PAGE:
KUED premieres Marriner Eccles: Father of the Modern Federal Reserve
Marriner Stoddard Eccles is best known as the father of the modern Federal Reserve. As Chairman of the Fed under Presidents Roosevelt and Truman, Eccles was integral to the economic policies of the 1930s and ‘40s. KUED tells the compelling story of the financial genius in Marriner Eccles: Father of the Modern Federal Reserve, produced by Senior Producer, John Howe. The film premieres Monday, October 21 at 9:00 p.m. on KUED.
KUED, in partnership with Salt Lake County, will commemorate the Eccles legacy with an advance screening of the new film, Marriner Eccles: Father of the Modern Federal Reserve, on Monday, October 7th. The screening will be open to the public. The Honorable Jerome H. Powell, current Chairman of the Federal Reserve will deliver opening remarks.
The event will be held at the Rose Wagner Performing Arts Center. Doors will open at 10:30 a.m. and guests must be seated by 10:45 a.m. The screening of the film will start promptly at 11:00 a.m. This event is free, but tickets are required. Tickets can be picked up at the Rose Wagner box office prior to the event, or ordered at arttix.org.
Howe said, “It was a privilege to bring the story of his life and times to television. As Randal Quarles, Vice-Chairman of the Federal Reserve says in the film, ‘Marriner Eccles was one of the most consequential public figures in the history of the country.’”
From a young age, Eccles oversaw the family’s lumber, construction, and banking institutions, which gave him an understanding of business from the ground up. Eccles turned into a shrewd businessman who would come to see the economy as something that required interventions on a grand scale when the Great Depression hit.
After the stock market crash of 1929, branches of the Eccles family’s First Security Corporation kept their doors open, while neighboring banks were folding. As the Great Depression took its toll on America, Eccles took to the podium and spoke before Congress in 1933.
In his testimony, Eccles stated, “It is recognized by everyone that our most urgent and acute problem today is to immediately provide adequate relief to the millions of our people who are destitute and unemployed in every corner of our nation.” His ideas to combat the economic downturn and fix the economy would later be represented in President Rooosevelt's New Deal. Soon after his speech, politicians from Washington D.C. started to take notice of this banker from Utah.
“It's what makes the New Deal such an important turning point in American institutional policy and political history. Marriner Eccles is associated with that, and I think he needs to be remembered for that kind of thinking and for understanding the legitimacy and, indeed, the necessity of federal initiative when the free market fails, especially when it fails as spectacularly as it did in the 1930s and darn near did again in 2008 and 2009,” said Dr. David Kennedy, Pulitzer-winning Stanford historian.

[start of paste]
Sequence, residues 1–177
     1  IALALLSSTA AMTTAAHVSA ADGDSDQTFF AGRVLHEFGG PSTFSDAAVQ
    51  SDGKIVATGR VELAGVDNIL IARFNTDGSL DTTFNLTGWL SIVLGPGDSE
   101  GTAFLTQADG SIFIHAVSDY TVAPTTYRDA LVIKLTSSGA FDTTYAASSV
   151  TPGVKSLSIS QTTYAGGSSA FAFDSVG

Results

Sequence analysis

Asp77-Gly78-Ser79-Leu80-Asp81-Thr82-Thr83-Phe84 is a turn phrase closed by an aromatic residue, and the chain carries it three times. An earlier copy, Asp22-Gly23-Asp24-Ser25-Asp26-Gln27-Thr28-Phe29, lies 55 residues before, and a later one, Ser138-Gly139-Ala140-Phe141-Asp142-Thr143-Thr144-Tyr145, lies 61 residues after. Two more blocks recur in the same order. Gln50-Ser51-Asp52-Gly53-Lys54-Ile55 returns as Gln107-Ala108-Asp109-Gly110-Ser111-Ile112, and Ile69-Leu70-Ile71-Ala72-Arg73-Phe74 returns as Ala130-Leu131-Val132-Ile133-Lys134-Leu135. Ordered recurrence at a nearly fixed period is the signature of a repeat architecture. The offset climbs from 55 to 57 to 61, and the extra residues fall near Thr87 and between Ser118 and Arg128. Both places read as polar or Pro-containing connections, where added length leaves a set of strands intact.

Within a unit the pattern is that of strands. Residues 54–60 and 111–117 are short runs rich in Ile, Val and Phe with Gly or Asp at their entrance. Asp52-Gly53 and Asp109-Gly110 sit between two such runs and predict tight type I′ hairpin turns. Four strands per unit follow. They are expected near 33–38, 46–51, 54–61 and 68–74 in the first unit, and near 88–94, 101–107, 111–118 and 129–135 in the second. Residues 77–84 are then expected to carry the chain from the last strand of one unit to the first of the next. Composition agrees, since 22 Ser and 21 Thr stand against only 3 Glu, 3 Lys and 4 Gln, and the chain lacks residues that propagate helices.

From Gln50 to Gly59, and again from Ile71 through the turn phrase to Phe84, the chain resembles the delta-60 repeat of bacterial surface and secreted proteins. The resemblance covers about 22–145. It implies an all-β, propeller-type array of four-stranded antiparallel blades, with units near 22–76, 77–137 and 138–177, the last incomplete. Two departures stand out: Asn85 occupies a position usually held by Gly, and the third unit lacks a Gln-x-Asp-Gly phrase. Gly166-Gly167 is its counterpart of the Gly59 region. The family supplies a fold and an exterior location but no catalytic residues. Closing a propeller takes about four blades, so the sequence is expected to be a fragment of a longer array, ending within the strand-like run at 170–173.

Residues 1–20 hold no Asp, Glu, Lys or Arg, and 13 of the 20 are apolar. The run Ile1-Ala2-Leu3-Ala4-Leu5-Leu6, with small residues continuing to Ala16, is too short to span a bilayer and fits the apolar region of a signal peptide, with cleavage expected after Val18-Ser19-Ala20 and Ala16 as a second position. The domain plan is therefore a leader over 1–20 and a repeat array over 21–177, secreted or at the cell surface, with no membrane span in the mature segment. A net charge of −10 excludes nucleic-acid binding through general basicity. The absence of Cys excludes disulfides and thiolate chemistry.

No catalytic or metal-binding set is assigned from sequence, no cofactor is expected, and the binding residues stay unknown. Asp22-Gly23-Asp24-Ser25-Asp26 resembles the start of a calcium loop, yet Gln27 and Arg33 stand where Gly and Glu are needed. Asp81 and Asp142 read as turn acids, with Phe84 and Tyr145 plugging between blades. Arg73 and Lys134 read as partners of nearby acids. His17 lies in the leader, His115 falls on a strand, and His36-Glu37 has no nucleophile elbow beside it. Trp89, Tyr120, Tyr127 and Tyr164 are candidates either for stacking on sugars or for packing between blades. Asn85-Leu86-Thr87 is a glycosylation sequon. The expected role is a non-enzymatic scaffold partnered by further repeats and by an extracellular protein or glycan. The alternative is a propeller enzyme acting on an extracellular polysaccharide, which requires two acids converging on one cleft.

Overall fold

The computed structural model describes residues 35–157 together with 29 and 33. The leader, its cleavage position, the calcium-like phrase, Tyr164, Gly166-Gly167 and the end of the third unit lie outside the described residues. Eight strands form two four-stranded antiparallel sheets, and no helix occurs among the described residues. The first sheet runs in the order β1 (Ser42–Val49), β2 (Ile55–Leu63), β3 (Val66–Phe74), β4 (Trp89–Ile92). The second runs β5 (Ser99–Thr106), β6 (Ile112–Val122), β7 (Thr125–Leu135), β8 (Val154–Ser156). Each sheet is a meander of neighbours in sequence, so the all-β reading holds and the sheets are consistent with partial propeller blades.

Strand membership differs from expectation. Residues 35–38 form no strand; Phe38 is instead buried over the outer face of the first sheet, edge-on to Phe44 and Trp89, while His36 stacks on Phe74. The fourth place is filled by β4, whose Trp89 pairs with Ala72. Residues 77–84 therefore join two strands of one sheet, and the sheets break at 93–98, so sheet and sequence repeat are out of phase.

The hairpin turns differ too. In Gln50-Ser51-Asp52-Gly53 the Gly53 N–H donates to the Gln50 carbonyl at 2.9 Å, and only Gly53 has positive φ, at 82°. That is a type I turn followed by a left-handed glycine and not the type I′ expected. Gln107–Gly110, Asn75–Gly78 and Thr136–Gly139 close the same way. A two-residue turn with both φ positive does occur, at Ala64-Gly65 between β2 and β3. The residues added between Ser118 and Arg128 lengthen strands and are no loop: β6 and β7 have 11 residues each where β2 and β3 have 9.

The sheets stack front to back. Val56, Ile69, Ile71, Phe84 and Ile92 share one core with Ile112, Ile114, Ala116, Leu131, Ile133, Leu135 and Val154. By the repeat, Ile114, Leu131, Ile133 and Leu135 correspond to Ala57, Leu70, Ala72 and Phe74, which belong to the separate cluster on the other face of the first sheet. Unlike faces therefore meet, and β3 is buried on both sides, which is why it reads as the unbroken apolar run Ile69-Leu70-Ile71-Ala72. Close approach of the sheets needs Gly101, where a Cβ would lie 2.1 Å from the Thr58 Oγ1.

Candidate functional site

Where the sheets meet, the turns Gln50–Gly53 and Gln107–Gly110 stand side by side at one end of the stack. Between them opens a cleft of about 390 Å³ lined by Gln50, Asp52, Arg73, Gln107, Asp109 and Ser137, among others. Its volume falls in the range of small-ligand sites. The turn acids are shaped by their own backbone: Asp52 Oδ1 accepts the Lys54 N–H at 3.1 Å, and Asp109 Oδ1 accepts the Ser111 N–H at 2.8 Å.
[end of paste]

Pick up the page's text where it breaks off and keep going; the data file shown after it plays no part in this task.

In 1934, Eccles was appointed as the Chairman of the Federal Reserve by President Roosevelt. Eccles believed that only the federal government was large enough to make the kinds of economic changes necessary to stem the tide of the Great Depression. In 1936, TIME Magazine wrote, “a good many people believe Marriner Eccles is the only thing standing between the United States and disaster.”
As the economy slowly recovered, Eccles took steps to solidify what he considered an essential piece of the puzzle. – the independence of the Federal Reserve as an institution. The Banking Act of 1935 was one of Eccles’ greatest achievements. Through it and his leadership – in conjunction with the creation of the Federal Deposit Insurance Corporation (FDIC) and new restraints and safeguards on the banking industry – the Fed was able to keep interest rates low, combat deflation, and stimulate modest economic growth through the 1930s.
In the years following World War II, the Fed became increasingly concerned over rampant government spending and inflation, arguing it was time to reconsider wartime interest rates. President Truman disagreed. This dispute ended with the signing of the Treasury-Federal Reserve Accord of 1951, but eventually Eccles turned in his letter of resignation.
Eccles returned to Utah, where he resumed his family businesses and spawned a series of philanthropic foundations that are still managed by the Eccles family to this day. (KUED and The University of Utah are both recipients of grants provided by the Eccles family endowments.)
Howe said, “This film was an intellectual and emotional journey taking our filmmakers from New York to San Francisco to Washington D.C., speaking with some of the most important thinkers of our time regarding Marriner Eccles, including Dr. Ben Bernanke and Pulitzer-winning Stanford historian Dr. David Kennedy.”
Eccles leaves behind a legacy as one of the premier economic thinkers of his time, a strong believer in the idea that an economic system should work for the common man, and whose stewardship cemented the Federal Reserve as the independent, effective institution it is today.
Mon. Oct. 21, 9PM
Sun. Oct. 27, 2PM